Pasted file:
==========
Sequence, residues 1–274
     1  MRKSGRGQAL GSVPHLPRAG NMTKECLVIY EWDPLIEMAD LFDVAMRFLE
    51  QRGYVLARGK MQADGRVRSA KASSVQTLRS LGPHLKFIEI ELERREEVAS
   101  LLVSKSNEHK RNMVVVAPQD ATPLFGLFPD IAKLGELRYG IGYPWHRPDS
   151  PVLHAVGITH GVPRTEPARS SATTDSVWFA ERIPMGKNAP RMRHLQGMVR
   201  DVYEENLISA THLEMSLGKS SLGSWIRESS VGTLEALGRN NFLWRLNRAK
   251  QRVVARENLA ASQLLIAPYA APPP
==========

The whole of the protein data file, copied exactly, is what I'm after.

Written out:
Sequence, residues 1–274
     1  MRKSGRGQAL GSVPHLPRAG NMTKECLVIY EWDPLIEMAD LFDVAMRFLE
    51  QRGYVLARGK MQADGRVRSA KASSVQTLRS LGPHLKFIEI ELERREEVAS
   101  LLVSKSNEHK RNMVVVAPQD ATPLFGLFPD IAKLGELRYG IGYPWHRPDS
   151  PVLHAVGITH GVPRTEPARS SATTDSVWFA ERIPMGKNAP RMRHLQGMVR
   201  DVYEENLISA THLEMSLGKS SLGSWIRESS VGTLEALGRN NFLWRLNRAK
   251  QRVVARENLA ASQLLIAPYA APPP